Tweeting with Customers

In Online-Communities companies can learn more about what customers really want (photo: Jupiterimages) (Foto: Jupiterimages)
In Online-Communities companies can learn what customers really want (photo: Jupiterimages) (Foto: Jupiterimages)

What do customers think? What do potential purchaser groups expect of certain products? To answer such questions, many companies conduct surveys by conventional or electronic mail. But what happens when customers fail to send back the questionnaires? Did they not have the time, or are they simply not interested in the product in question? In order to learn more about what customers really think and want, companies need to maintain a presence in the channels their clients use. This is where social communities, forums, and partner Web sites come into play. 

It’s a cat’s life

“The customer is a cat,” says Franziska Weißbach, head of relationship management consulting at the consultancy Ogilvy Brains. Weißbach believes it is not enough to simply throw the customer a bone, as one would do to a dog. Customers are curious and strong-willed; they are exploring options; and they are deciding independently when and what they want to communicate and, finally, when and what they want to buy. They obtain information on the Internet and browse forums to read about the experiences others have had with products. This places new demands on customer relationship management departments: No longer static, CRM has become a round-the-clock activity.

Online communities are not only helping marketing employees learn more about what customers think and want; they are making communication with clients faster and more direct than is possible by e-mail.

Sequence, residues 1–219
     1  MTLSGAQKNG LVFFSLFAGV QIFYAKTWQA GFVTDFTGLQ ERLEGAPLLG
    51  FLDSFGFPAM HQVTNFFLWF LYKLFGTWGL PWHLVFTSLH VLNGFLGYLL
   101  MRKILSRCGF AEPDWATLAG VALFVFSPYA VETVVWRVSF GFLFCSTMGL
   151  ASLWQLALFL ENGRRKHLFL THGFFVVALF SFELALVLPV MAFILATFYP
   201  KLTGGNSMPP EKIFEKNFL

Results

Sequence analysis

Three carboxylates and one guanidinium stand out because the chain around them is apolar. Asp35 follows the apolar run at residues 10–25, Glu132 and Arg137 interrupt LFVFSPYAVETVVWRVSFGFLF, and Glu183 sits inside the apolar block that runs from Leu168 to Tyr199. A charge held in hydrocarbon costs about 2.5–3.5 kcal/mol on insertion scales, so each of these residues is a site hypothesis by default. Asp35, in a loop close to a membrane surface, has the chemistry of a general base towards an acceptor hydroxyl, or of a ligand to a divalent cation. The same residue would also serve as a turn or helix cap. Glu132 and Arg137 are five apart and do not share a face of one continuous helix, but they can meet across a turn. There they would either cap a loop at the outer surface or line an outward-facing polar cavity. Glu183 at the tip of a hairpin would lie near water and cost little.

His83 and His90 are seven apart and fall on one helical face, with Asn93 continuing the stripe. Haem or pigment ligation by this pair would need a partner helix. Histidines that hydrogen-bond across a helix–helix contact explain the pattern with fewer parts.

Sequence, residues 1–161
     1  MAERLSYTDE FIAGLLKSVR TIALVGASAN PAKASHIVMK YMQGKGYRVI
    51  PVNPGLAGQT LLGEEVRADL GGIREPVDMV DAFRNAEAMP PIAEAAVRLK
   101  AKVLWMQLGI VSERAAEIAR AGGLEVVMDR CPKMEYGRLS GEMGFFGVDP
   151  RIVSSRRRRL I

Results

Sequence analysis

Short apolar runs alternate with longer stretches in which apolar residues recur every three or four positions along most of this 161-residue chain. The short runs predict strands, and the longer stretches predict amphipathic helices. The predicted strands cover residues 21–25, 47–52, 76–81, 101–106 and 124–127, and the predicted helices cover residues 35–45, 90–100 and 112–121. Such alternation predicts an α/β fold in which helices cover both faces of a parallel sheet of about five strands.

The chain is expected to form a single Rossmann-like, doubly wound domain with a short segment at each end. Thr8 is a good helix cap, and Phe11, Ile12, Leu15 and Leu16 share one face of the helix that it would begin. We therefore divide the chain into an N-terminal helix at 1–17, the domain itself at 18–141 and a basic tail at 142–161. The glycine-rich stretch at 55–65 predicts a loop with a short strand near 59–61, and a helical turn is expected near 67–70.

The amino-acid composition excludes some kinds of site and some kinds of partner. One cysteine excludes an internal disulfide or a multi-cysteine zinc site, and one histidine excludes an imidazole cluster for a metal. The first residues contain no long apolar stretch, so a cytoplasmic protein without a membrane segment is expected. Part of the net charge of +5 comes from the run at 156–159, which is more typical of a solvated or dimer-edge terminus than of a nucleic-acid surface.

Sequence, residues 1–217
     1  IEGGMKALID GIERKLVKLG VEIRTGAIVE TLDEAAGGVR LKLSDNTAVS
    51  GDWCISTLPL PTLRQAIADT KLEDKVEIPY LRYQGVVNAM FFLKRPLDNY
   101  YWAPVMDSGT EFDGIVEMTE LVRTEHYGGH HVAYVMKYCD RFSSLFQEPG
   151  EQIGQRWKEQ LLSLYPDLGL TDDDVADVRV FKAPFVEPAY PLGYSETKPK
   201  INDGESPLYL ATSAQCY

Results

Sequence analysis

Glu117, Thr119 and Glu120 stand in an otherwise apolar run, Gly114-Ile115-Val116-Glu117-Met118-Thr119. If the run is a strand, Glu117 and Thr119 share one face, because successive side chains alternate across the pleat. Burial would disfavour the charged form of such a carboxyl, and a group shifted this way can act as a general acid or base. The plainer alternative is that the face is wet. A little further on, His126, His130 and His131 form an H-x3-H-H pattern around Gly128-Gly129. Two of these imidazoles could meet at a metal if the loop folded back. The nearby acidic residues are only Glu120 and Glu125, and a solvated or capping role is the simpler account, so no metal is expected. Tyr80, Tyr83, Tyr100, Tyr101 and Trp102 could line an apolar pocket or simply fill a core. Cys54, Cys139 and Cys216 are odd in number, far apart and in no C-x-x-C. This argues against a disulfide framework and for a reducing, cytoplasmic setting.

Beispiel für eine gelunge Kundenbindung: Die Online-Brand-Community von Veltins
Good Customer rentention: The Veltins Online-Brand Community (photo: Veltins)

Online brand communities

Brand communities – which focus solely on brands and products – are a key instrument that should not be confused with social communities like Xing, Facebook, or Flickr.

The SAP Community Network (SCN) is an example of a brand community. SAP users, computer scientists, economists, and CIOs use it to share information on new SAP products, variant configurations, updates, and more.


Supporting corporate communities

Consultancy Ogilvy Brains compiled a catalog that evaluates online brand communities based on 120 indicators – including networking, topic focus, and group diversity – and presented its results at the CRM Expo in Nuremberg, Germany. According to the consultancy, the online brand communities of eBay, Tchibo, Fressnapf, and Veltins demonstrate good customer retention. Tchibo has even implemented suggestions made in its forum, such as a knife rack with a drip tray. Failed community projects, meanwhile, included that of Vattenfall and Deutsche Telekom’s T-Community.


Tchibo erfüllt Wünsche, die Kunden im Forum äußern
Tchibo has implemented suggestions made in its forum (photo: Tchibo)

Ogilvy Brains recommends that companies seeking to strengthen their customer ties through an online brand community encourage interaction among community members. For example, this might involve assigning a community manager to moderate discussion forums and kick off new topics. The consultancy also considers it important for companies to cede control and be open to criticism, as this is the only way for them to remain credible and authentic.


Salesforce for Twitter

Since users can tweet anytime from their cell phones, Twitter gives companies the chance to respond to customer queries even more quickly and directly than in other communities. The business software provider has developed an application that enables marketing employees to use Twitter and process tweets even faster. Salesforce for Twitter uses graphics to show which topics users have discussed. The software’s interface also makes it easy to forward helpful user responses directly into a company’s knowledge base, to call-center employees, or for immediate publishing on a company’s Web site.